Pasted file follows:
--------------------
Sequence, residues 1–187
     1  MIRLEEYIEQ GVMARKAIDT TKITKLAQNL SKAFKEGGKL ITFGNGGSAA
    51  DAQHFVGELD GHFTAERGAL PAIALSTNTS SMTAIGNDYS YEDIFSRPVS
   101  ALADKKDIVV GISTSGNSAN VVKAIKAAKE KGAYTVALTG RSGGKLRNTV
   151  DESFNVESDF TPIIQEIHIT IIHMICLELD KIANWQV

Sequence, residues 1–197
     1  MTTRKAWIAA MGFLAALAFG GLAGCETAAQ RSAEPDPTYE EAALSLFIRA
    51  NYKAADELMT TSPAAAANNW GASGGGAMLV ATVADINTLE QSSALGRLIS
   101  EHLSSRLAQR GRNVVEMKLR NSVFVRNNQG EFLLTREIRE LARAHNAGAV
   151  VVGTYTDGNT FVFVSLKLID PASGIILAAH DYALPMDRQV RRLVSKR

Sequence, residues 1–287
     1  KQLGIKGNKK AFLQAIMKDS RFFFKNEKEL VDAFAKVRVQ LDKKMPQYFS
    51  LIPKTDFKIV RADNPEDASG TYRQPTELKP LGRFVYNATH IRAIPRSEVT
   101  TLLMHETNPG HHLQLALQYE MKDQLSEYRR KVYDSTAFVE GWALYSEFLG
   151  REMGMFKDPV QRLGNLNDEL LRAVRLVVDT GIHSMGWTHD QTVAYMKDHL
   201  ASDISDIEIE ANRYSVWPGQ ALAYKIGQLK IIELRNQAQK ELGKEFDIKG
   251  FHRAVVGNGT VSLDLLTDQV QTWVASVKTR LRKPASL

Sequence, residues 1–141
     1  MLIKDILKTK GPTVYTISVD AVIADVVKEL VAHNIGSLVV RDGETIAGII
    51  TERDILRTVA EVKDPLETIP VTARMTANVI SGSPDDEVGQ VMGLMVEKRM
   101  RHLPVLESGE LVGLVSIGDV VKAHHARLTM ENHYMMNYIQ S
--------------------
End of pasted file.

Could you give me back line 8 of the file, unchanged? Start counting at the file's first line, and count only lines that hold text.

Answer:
    51  NYKAADELMT TSPAAAANNW GASGGGAMLV ATVADINTLE QSSALGRLIS